WINNER OF TUSK AWARD FOR CONSERVATION IN AFRICA 2019
When Tomas Diagne began his career 25 years ago, there were very few African turtle biologists. This became his driving force. Habitat loss, bushmeat consumption and poaching for the international pet trade were the key challenges facing turtles and tortoises, and remain so today.
At the age of 23, he started the NGO ‘Save our Sulcatas’ to rescue captive Sulcata tortoises, going on to establish a successful breeding and release programme that today continues at the ‘Village Des Tortues’ in Senegal.
Thinking long-term, he realised that local conservation was critical to saving rare and endemic turtle species. He set up the Tocc Tocc Community Refuge in northern Senegal for the critically endangered Adanson turtle. By promoting behaviour change around turtle consumption, he has worked with communities to release over 300 Adanson turtles locally.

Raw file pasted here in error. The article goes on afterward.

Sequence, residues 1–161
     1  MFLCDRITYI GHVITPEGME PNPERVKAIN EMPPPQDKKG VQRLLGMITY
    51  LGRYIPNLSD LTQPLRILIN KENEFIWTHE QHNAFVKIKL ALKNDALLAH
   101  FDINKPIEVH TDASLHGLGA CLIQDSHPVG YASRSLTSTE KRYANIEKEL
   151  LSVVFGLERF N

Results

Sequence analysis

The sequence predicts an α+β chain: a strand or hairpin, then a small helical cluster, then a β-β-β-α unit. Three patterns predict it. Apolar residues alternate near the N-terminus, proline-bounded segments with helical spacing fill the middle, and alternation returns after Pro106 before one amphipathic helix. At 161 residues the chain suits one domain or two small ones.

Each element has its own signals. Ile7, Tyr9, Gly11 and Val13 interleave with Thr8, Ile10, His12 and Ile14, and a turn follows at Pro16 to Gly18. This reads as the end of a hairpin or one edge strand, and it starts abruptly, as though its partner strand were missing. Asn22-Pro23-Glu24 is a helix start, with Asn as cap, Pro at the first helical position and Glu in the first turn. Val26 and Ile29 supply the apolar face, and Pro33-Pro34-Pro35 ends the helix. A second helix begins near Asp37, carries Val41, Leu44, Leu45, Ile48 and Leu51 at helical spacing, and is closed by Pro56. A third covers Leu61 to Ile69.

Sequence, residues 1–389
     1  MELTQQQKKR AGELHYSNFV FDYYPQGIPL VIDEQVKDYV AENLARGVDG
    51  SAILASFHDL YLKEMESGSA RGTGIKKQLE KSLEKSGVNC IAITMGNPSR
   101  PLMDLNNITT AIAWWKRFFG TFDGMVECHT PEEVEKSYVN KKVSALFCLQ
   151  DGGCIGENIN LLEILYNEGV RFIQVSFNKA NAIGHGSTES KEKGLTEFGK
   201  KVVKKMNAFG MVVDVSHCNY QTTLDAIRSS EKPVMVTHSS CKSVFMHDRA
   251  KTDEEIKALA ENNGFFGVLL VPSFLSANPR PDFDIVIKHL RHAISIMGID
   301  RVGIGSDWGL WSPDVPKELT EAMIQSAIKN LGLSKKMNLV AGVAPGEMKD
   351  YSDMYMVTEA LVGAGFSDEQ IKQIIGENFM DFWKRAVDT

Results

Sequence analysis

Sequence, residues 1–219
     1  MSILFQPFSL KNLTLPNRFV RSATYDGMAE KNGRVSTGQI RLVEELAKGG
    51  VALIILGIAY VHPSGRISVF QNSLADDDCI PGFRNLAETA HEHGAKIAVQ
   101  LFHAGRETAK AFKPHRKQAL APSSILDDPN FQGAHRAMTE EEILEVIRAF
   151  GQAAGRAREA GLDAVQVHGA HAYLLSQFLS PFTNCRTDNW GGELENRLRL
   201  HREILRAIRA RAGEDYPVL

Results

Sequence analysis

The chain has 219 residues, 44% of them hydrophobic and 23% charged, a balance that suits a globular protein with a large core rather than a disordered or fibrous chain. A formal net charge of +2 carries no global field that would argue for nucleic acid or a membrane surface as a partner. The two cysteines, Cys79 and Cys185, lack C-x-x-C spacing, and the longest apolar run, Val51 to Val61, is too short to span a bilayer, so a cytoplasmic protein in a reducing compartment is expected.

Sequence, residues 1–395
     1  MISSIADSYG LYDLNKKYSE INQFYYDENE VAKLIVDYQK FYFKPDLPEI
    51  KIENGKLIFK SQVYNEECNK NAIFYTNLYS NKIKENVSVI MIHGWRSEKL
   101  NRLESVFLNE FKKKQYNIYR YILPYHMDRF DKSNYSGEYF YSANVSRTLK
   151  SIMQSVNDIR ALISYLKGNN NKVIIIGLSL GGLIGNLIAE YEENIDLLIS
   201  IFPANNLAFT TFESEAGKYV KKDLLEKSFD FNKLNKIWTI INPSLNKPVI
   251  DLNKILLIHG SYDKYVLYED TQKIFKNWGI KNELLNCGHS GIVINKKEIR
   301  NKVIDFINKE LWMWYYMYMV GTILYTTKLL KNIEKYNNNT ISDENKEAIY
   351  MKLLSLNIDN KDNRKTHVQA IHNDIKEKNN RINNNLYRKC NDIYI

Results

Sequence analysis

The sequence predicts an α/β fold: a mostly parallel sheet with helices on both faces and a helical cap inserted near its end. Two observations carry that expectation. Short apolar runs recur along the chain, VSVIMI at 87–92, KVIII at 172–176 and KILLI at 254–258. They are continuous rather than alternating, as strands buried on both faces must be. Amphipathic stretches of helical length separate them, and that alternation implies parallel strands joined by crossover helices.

My mission is to bring the story of the turtle to people. If I do this then people can care about them because without people caring, no protection is possible in the long run
He went on to establish the African Chelonian Institute which serves as a learning centre for various turtle species. Here he passes on his knowledge to turtle biologists from all over West Africa. Additionally, all his centres are publicly accessible, as a result educating thousands of Senegalese nationals on turtle and tortoise conservation.
Beyond Senegal, Tomas collaborates with geneticists around the world on the first studies of population genetics for seven turtle species, 3 of which are critically endangered – contributing critical research to conservation bodies such as the IUCN.
Over the years, funding for ‘non-charismatic’ species has been hard to come by and Tomas has personally funded a significant portion of his work. He is inspired by the resilience of turtles and tortoises who evolved 260 million years ago, outliving dinosaurs. He is on a mission to ensure they are not lost due to man’s interventions.